American philosopher William James once said, “The greatest weapon against stress is our ability to choose one thought over another.”
This doesn’t mean avoiding distress or unpleasant emotions in life. In fact, experiencing negative emotions or events is something everyone goes through at one point in time or another.
“Distress tolerance” is all about learning to manage your response to a situation. In truth, we can’t control every situation that we meet. But we can control our reaction and how we process or cope.
Distress tolerance skills are actually rooted in Dialectical Behavior Therapy (DBT), which is a type of Cognitive Behavior Therapy (CBT).
So, let’s dive in!
Distress tolerance refers to the ability to manage your emotions without overwhelm and with the eventual goal of returning to equilibrium. In other words, it’s about overcoming life’s challenges, without making those challenges worse. And a lot of it revolves around acceptance.
In turn, these distress tolerance skills can help prevent us from that “out of control” feeling, which can, ultimately, lead down a slippery slope and really impact our mental health.
These skills also include a variety of techniques, which we will explore in a section below (and offer suggestions on how you can use them!).
There are many reasons someone might have a low distress tolerance.
For example, your childhood or adolescence could shape whether you have a high or low distress tolerance. A child who was scolded for showing normal emotions, like crying, might have a low distress tolerance since they aren’t sure how to deal with or cope with intense emotions.
In fact, if we don’t know how to cope with our emotions, we are more likely to turn to unhealthy outlets, such as anger, drugs, and alcohol.
Additionally, those diagnosed with mental disorders, such as depression or anxiety, may also have a low distress tolerance.
Personality and other variables may also play a role. For example, individuals diagnosed with ADHD often have a low distress tolerance and struggle to self-regulate their emotional states.
Luckily, you can manage your distress tolerance (or work with a therapist to figure out relevant coping strategies for you). Some distress tolerance skills include:
This involves relaxation techniques to help improve the clarity of thought. In turn, this can help you approach your situation from a less emotional state, as well as calm your initial reaction. Some ways to do this include:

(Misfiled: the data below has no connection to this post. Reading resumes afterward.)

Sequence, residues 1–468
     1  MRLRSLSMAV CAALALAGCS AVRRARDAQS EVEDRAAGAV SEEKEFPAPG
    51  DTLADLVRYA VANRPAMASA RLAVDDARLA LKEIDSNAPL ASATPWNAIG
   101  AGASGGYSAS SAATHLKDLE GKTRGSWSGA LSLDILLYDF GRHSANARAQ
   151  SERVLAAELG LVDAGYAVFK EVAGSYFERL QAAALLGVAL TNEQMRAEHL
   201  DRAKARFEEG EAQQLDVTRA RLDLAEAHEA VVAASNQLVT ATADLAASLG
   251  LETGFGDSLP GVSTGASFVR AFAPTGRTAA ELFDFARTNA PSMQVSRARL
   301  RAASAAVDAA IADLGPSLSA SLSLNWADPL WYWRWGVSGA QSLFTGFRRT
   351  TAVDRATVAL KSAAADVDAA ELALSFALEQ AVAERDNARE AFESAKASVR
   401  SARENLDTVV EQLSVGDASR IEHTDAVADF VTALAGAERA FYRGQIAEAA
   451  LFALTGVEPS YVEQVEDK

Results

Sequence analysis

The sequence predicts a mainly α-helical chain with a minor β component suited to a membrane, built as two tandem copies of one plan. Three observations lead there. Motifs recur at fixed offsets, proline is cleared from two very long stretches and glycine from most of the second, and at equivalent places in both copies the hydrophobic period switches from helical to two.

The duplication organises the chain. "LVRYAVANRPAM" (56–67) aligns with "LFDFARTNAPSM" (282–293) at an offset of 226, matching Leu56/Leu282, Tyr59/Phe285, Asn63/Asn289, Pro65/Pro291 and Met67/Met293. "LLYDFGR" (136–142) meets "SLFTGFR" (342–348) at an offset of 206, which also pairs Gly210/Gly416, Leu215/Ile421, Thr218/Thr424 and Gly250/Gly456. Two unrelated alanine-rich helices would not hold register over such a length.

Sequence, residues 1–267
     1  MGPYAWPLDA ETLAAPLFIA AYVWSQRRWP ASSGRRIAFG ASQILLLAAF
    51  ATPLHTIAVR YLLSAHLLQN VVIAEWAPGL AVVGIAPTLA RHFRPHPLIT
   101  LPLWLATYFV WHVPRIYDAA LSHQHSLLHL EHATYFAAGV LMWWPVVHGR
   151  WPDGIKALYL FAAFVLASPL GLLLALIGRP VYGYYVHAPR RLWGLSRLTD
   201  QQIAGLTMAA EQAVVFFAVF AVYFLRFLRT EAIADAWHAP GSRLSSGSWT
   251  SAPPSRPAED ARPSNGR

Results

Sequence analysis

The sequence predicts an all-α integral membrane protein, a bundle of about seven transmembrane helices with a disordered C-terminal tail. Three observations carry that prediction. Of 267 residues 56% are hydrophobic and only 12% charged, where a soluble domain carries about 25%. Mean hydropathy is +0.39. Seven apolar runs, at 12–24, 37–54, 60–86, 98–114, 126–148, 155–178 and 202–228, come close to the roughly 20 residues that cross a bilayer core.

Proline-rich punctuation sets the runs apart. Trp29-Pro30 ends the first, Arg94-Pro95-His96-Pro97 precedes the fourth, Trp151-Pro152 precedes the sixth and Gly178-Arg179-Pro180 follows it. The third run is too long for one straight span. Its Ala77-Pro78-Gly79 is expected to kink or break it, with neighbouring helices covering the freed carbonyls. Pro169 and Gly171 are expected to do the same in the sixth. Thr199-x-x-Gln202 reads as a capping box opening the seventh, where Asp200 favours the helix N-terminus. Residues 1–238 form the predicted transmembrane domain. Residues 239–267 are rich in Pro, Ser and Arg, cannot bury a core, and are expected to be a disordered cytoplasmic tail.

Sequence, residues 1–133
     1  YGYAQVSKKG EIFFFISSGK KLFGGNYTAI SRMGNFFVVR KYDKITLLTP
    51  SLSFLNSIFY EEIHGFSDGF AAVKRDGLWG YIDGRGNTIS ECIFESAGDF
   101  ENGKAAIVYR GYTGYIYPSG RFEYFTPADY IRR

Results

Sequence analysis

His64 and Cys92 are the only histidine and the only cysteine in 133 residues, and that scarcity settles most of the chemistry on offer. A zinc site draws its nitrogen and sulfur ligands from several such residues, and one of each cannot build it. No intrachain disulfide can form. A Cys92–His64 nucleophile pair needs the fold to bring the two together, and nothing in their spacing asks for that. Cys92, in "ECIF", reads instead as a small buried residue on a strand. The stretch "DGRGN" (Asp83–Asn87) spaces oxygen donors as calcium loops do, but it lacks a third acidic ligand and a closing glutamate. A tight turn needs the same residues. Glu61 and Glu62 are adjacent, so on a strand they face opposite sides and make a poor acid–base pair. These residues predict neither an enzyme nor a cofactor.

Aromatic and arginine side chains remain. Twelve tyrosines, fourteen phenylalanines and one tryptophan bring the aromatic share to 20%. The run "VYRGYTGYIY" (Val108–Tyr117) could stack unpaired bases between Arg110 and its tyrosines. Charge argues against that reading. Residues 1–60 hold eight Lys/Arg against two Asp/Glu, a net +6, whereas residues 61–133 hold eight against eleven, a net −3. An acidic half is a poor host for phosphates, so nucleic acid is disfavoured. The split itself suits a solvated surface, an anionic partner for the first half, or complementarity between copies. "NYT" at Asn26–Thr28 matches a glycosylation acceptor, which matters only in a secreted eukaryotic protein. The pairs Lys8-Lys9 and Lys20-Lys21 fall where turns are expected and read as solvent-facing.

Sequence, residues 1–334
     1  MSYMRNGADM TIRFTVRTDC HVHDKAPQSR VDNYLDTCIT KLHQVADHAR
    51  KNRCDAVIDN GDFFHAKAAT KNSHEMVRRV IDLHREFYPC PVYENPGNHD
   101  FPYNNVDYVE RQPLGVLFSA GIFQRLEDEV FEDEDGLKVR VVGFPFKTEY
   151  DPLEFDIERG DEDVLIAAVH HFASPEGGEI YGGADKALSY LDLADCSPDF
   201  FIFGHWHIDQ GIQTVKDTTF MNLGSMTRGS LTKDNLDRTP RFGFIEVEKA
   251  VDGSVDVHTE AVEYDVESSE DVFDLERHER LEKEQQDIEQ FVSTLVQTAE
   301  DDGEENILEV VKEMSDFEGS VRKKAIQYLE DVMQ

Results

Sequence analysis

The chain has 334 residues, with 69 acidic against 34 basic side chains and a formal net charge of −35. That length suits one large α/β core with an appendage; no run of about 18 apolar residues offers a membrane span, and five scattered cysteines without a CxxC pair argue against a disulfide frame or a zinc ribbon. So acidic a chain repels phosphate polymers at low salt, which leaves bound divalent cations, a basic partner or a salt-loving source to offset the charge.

There are tons of ways to do this. Basically, distracting yourself helps you calm down, then approach the situation from this state.
Here’s how you can use this:
When you feel out of control, you can feel increased anxiety, fear, depression, and overwhelm.
You might even feel paralyzed. Yet, practicing this technique can help you overcome these extreme emotions and begin to move forward.
That all-too-common phrase “it is what it is” absolutely applies here.
Often, there isn’t anything we can do but accept it. Whether this involves accepting a loss of a loved one or accepting a new change in your life, accepting what is allows you to take back control. The pressure you feel to “fix” the situation alleviates and you feel better.
And yes, this is hard to do. And yes, it takes practice!
A few strategies that can help here include mantras and journaling. You want to truly approach this situation without judgment and recognize that this has happened.
On the other side of it, you also can accept that it doesn’t have to define you if you don’t want it to. While the situation itself might be out of your control, you are always within your own control (as confusing as that might sound!).
STOP stands for:
For example, maybe you’re so overwhelmed by work projects that your emotions have got the best of you.
You’re struggling to get anything done.
TIPP is another common distress tolerance skill used by DBT therapists. TIPP stands for:
Basically, it’s a sequence of actions you can follow when you feel intense emotions.
For example, you notice your temperature is quite hot, and you’re sweating. After this observation, try a brief stint of intense exercise. You could bust out 10 burpees or go for a quick sprint round (whatever works).
After this, you use paced breathing to activate that parasympathetic nervous system (your rest and digest system). You can use the 4-4-8 method by breathing in through your nose to a count of four, pausing for a count of four, and exhaling for a count of eight.
Lastly, you perform a round of progressive relaxation. This involves tightening up one muscle group at a time and intentionally releasing and relaxing it.
Use the above distress tolerance skills to improve your mental resilience and feel better.
If you struggle to do this on your own, there is absolutely no shame in seeking out the help of a professional therapist. In fact, we encourage it.
Your mental health matters. And so does your ability to manage your emotions. When you can stay in charge of your mental state, you truly can be capable of anything. In other words, the world is your oyster!
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